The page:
41


Useful contacts National contacts Action for Children Practical information for children, young people, and parents going through a family break-up. 0300 123 2112 www.actionforchildren.org.uk

Childline Free 24-hour counselling service for children and young people. ChildLine deals with any issue which causes distress or concern. Common issues include child abuse, bullying, mental illness, parental separation or divorce, pregnancy and substance misuse. 0800 1111 www.childline.org.uk

Quit because Advice and information on how to quit smoking. www.quitbecause.org.uk

Family Planning Association (FPA) Beating Eating Disorders www.fpa.org.uk For advice and information on all types of eating disorders. Frank 0845 634 1414 www.b-eat.co.uk 0300 123 6600 www.talktofrank.com

Smokefree Advice and information on how to quit smoking. www.smokefree.nhs.uk

Anxiety UK For advice on anxiety. 08444 775 774 www.anxietyuk.org.uk

Brook 0808 802 1234 www.brook.org.uk Change4Life For advice and information on how to live a healthy life. 0300 123 4567 www.nhs.uk/change4life

42

Child Exploitation and Online Protection Centre 0870 000 3344 www.ceop.police.uk

Lesbian, gay and bisexual For young people seeking advice on lesbian, gay and bisexual issues. 08000 502020 www.stonewall.org.uk Terence Higgins Trust 0808 802 1221 www.tht.org.uk National Domestic Violence Freephone Helpline 24-hour 0808 2000 247 NHS For health advice. www.nhs.uk

Race Equality Foundation 0161 220 1016 www.raceequalityfoundation.org.uk Samaritans 08457 90 90 90

Sunsmart Advice and information on keeping safe in the sun. www.sunsmart.org.uk Thinkuknow Advice on how to stay safe online for children, parents/carers and teachers. www.thinkuknow.com YoungMinds Parents Helpline 0808 802 5544 www.youngminds.org.uk www.redcross.org.uk www.thesite.org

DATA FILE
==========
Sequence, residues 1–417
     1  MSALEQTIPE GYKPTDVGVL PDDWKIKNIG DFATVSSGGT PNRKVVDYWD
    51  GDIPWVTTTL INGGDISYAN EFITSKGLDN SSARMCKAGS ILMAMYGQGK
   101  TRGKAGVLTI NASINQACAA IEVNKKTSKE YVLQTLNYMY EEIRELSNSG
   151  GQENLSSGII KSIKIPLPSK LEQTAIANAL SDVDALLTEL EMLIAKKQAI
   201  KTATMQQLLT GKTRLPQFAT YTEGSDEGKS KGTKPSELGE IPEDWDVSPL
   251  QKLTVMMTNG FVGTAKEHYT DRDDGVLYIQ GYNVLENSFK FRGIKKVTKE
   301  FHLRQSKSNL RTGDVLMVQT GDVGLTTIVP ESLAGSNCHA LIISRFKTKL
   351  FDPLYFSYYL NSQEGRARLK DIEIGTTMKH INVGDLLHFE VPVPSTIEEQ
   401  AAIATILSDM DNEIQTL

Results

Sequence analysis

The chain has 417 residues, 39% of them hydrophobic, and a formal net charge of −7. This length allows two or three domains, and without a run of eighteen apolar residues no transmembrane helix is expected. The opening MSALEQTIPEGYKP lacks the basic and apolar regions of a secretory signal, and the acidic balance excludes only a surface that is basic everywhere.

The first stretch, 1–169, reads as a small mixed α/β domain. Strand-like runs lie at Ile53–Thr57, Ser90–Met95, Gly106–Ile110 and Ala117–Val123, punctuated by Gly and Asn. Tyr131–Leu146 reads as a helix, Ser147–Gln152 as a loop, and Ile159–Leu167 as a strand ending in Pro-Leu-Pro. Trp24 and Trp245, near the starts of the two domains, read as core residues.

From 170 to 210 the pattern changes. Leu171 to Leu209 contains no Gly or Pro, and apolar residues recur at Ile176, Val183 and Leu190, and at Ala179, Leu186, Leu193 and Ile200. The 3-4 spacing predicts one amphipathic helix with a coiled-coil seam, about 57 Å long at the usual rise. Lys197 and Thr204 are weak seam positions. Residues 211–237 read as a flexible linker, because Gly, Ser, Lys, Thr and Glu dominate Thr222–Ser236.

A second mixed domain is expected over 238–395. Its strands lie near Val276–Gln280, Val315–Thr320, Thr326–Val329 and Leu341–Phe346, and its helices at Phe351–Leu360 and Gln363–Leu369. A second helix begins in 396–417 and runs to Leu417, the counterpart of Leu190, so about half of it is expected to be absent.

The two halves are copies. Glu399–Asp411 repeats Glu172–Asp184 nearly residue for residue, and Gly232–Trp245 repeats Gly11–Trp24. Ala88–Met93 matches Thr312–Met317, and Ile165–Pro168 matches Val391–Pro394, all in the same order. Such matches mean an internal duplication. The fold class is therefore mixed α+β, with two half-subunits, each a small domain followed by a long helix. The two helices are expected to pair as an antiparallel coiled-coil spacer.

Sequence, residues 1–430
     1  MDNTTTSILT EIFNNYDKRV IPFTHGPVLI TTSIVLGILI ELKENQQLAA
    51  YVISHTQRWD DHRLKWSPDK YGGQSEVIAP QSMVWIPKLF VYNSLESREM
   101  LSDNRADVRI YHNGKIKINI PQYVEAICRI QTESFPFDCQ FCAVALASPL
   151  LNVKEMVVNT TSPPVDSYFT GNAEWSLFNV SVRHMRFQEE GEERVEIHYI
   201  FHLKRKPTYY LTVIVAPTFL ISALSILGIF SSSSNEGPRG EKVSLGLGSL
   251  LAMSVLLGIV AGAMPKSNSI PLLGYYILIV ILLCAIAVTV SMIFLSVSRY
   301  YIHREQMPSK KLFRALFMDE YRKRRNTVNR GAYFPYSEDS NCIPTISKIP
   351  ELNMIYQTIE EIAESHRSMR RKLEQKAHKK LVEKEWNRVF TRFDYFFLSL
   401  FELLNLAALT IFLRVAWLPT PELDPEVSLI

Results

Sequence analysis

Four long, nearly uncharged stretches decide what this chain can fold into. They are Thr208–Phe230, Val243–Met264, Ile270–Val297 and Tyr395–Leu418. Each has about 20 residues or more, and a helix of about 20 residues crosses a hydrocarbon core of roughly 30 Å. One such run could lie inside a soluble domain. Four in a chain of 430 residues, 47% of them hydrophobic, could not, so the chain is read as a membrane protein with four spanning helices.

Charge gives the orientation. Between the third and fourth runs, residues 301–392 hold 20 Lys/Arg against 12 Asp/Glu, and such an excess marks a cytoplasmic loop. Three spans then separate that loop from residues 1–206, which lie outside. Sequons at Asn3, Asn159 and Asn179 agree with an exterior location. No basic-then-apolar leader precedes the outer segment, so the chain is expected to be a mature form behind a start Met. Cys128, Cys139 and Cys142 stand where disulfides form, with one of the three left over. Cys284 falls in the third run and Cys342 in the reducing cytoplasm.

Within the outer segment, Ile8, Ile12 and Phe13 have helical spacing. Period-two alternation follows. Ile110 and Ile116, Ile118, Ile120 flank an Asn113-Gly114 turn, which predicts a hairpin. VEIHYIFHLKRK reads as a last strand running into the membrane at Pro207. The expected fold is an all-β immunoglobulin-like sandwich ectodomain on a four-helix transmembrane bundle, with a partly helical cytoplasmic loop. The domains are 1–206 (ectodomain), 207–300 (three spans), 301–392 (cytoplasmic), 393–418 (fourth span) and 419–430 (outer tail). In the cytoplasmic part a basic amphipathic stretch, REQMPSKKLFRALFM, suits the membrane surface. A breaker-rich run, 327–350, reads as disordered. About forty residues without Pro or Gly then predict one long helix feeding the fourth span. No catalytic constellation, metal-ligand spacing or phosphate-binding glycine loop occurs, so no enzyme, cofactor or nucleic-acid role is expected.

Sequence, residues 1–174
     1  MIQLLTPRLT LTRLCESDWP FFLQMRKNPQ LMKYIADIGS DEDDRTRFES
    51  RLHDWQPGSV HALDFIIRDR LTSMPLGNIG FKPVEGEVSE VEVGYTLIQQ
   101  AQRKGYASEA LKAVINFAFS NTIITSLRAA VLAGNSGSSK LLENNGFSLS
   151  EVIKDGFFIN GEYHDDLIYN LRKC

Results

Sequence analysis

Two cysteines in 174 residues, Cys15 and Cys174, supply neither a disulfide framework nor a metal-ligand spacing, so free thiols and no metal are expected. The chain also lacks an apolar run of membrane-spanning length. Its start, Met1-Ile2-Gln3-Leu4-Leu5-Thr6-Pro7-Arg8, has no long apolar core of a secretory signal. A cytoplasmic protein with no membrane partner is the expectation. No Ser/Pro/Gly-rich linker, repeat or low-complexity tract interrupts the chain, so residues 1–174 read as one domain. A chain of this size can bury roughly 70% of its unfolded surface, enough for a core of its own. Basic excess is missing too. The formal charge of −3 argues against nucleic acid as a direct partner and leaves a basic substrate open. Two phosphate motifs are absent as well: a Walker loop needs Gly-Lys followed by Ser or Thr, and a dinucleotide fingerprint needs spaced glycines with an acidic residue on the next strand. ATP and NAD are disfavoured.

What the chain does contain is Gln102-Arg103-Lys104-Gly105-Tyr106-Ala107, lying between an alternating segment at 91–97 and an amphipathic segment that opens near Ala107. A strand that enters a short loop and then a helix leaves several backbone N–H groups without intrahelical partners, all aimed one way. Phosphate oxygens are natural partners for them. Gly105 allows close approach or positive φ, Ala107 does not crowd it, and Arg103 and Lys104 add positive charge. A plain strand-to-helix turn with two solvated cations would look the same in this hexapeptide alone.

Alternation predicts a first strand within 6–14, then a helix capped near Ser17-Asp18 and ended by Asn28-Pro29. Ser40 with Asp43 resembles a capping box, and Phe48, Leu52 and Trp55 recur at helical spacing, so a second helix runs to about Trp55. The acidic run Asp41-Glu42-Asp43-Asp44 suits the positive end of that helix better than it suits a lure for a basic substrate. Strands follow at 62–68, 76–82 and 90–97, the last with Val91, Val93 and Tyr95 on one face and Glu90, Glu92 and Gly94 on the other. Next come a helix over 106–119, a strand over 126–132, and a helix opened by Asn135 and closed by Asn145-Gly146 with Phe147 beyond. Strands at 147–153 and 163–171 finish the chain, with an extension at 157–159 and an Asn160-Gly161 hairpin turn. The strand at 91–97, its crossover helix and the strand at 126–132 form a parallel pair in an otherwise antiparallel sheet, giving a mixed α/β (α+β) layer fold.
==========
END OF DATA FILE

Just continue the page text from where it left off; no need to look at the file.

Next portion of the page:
Local contacts Local NHS Services Find your nearest GP, hospital, Dentist, Pharmacist or Optician at www.nhs.uk GP Out of Hours If you are calling out of normal surgery hours - during the evening, at night, during weekends and on Bank Holidays - all GPs operate an Out of Hours emergency service. This service should only be used if you have an urgent medical problem that cannot wait until normal surgery hours. To access this service call your normal GP’s surgery. Stop Smoking Support For more information about stopping smoking, please contact St Helens Stop Smoking Service. 01744 586247 or text Quit to 61825 www.readytostopsmoking.co.uk www.smokefree.nhs.uk Young People's Drug and Alcohol Team Lord Street Centre, Lord Street, St Helens, Merseyside WA10 2SP. 01744 675 605 www.sthelens.gov.uk/ypdaat

Sexual Health Service - TAZ (Teen Advice Zone) The Millenium Centre (First Floor), Corporation Street, St Helens Town Centre WA10 1HJ. (near bus station) www.tazsh.com Get It On Sexual health and relationship advice for Halton and St Helens www.getiton.org.uk St Helens Integrated Sexual Health Service Contraception and sexual health. 0845 155 0156 St Helens Healthy Living 0300 300 0103 www.healthysthelens.co.uk St Helens Young Carers Centre 01744 677279 www.youngcarers.net No Secrets Help and advice on Self Harm www.no-secrets.org.uk

Changing Lives Changing Lives is a Counselling Service for young people who are a resident/or have a GP in St Helens. 0151 547 7800 Catch22 St Helens Missing & Child Sexual Exploitation Service www.catch-22.org.uk St Helens Gateway A community hub of information; bringing together all health, social care and well-being information and services into one central place. www.sthelensgateway.info Live Life Well www.live-lifewell.net St Helens Metropolitan Borough Council Wesley House, Corporation Street, St Helens, Merseyside WA10 1FY. 01744 676789 www.sthelens.gov.uk

Keeping young people safe and healthy